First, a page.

There are two types of older people in the world. There are those who avoid Social Media altogether, like the grandmother – bless her – who thinks you “download” an email and calls literally anything that comes off of the Internet foolishness. Then there are those seniors who embrace social media perhaps a bit too much.


We assume the former may disappear in time, but seniors who embrace social media are likely to be part of this online engagement henceforth. The number of older people joining Facebook is increasing while youth getting on the platform remains level. Who would have thought Facebook started out as a college website?


So why are we being plagued by the grandmas of the world? Well, the obvious answer is that many older people have plenty spare time and little else to do. As they get bolder using technology, they are enjoying spending time on the Internet. Some are retired, some have empty nests, and others are working only part time. Whatever their station, many seem to find social media a useful way to talk (and talk and talk and talk) about their interests.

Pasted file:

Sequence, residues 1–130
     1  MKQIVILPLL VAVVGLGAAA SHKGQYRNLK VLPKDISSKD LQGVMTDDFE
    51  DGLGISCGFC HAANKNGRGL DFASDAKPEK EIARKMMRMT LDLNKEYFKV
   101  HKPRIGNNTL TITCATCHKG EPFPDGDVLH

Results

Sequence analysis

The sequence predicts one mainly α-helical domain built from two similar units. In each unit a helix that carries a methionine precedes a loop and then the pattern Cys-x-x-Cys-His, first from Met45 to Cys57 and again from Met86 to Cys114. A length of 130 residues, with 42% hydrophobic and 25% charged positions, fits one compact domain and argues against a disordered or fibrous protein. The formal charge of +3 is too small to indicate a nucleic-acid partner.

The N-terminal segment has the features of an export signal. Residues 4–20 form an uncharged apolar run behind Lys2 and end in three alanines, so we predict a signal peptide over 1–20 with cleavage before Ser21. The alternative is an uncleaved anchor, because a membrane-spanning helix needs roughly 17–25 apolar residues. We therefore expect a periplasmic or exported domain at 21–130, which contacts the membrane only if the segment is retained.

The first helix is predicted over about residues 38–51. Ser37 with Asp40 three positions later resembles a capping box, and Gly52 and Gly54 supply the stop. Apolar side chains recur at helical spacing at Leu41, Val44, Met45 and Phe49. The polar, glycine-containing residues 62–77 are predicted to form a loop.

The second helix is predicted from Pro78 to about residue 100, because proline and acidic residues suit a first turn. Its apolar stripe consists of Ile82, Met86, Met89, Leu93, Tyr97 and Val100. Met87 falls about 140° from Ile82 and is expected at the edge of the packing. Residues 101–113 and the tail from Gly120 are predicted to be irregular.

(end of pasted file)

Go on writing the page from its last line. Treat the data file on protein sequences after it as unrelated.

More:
There are the preachers who often share their religious views; the politicians who do the same with politics; the social butterflies who find Facebook a great way to reconnect with old friends or post their social activities; the travellers who share vacation pictures almost as much as Instagram influencers; the doting grandmothers who love to post about their grandchildren or write embarrassing comments under their grandkids’ posts; the overzealous ones who never grew up, fascinated by new technology like a kid with a new toy, or rather a teenager with a phone; and the ones you can tell are just trying to figure it all out.


To be clear, we are not promoting ageism on the Internet. We simply believe the Internet can only benefit from having many different generations on it – variety is the spice of life after all. The Internet doesn’t belong to any one group more than others, even if young people are often better at adapting to it. We’d do well to remember that interaction with rather than alienation from each other can actually teach us a lot. That is one of the purposes of the Internet, right? To connect people and bring them together. To help younger generations see the value of certain traditions and older generations understand more progressive views.


So, rather than seeing older people on the Internet as just entertaining or annoying, let’s recognize and be inspired by their courage to try learning something new, something they never grew up with the way we did. Let’s encourage them to not fear technology but rather help them out and show them that old dogs can learn new tricks. Let’s not shy away from interacting with them as so many of us often do in real life. After all, when it gets to be too much, there’s always the mute button.